And here’s yet another scenario; the knock belongs to a clown – yes, big red nose and floppy shoes, that’s the one! He’s advertising the imminent arrival of Gambolini’s, the last great circus on earth. You accept a leaflet and get lost in its colours, conjuring the scent of candyfloss and horses, the feel of your old dad’s hand leading you towards the big top lights and its gaudy music. Or maybe it reminds you of the time you went on a circus date with the boy in your swim club and he kissed you – your first time, his second – like a trout. In a less optimistic scenario, you take the leaflet and realise the clown is holding a knife in his other hand. As he leans in, the tip of the blade glints in the light coming from your doorway. You slowly back away, allowing him to enter and take what he pleases so long as you don’t get hurt. The neighbouring houses are all holiday homes; it’s out of season and screaming would be futile, so you sit and sob quietly, trying not to anger him. Or perhaps you do let rip, screaming your lungs out until your Muslim neighbours (the ones you never used to speak to but will soon become your closest friends) run instantly to your aid, catching the intruder and holding him captive until the police arrive on the scene. It’s always possible we’ve got the poor creature completely wrong and he’s on his way to a children’s birthday party and is simply lost, in need of directions. You give him your only map because you suffer from a phobia of clowns and want him the hell off your porch. Or maybe you give it to him because clinging to your sister’s road map won’t bring her back, no matter what, and you can’t drive anyway.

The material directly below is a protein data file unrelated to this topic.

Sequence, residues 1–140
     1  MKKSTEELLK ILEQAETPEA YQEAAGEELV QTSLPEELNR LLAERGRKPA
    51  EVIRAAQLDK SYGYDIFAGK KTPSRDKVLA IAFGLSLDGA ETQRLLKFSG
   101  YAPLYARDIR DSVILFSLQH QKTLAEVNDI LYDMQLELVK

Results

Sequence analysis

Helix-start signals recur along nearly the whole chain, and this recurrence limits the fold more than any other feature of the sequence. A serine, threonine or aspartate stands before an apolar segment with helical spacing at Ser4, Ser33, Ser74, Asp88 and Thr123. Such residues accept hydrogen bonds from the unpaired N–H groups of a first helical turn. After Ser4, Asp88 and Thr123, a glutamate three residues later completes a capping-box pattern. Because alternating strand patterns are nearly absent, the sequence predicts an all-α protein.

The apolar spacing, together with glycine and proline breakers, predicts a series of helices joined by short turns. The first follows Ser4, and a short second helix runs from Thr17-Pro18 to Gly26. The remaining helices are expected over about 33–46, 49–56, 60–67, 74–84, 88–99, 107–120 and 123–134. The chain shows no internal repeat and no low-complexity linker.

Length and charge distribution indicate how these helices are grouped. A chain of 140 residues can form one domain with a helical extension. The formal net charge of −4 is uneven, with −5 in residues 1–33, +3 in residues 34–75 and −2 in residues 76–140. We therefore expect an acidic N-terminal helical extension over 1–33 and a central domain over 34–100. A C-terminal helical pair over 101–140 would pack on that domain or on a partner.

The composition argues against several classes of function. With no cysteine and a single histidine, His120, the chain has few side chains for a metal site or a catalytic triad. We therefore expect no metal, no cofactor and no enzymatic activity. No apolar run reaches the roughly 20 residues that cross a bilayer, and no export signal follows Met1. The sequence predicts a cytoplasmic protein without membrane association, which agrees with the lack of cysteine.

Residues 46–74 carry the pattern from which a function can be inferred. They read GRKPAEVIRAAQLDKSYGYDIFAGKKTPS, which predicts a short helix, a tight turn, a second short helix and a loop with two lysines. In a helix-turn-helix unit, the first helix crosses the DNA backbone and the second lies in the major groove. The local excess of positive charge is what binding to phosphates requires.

The knock sets you thinking – when was the last time you banged on someone else’s door? Was it last summer, when your sisters and nephews flung the door wide and a flurry of arms greeted you, wrapping you so fast and so tightly you couldn’t tell whom each limb belonged to? Or was it the visit to your mum when she hovered in the crack of the door, staring out vacantly like she couldn’t see you at all, and you swore you’d never return. If there’s no answer when you do eventually call, will you try again? Perhaps when no reply comes, you walk away and leave things be. Actually no, you crumple to the floor and weep. No! You panic – something must be wrong – and skulk around the house looking for entry points, praying please don’t let him be dead, please don’t let him be dead. When you find a window and climb inside – you’re not as fit as you used to be – he’s had a stroke. (Your father? Your lawyer? Your alcoholic son?) Looking at the sight of his twisted, paralysed face and limbs, you think death might have been a better option. Then again, perhaps you never did have the courage to knock on any door. After all, what would you say when it opened?
Maybe, just maybe, you’ve been waiting for this knock but when you answer, there’s no one there. A whip of wind, you reason, even though the night is still. Or perhaps you were drifting off to sleep and imagined it; despite the fact your eyes don’t feel weary at all. You notice the sky’s grand display of stars and you find yourself watching for one that falls. When it finally does, a momentary blaze of white and blue, you don’t bother to make a wish. Why trust your dreams to something that’s already dead when the naked eye sees it? Better to keep your dreams with you for company through the long nights. Then together, when a strange knock comes, you can take your time deciding whether or not to leave the mystery outside.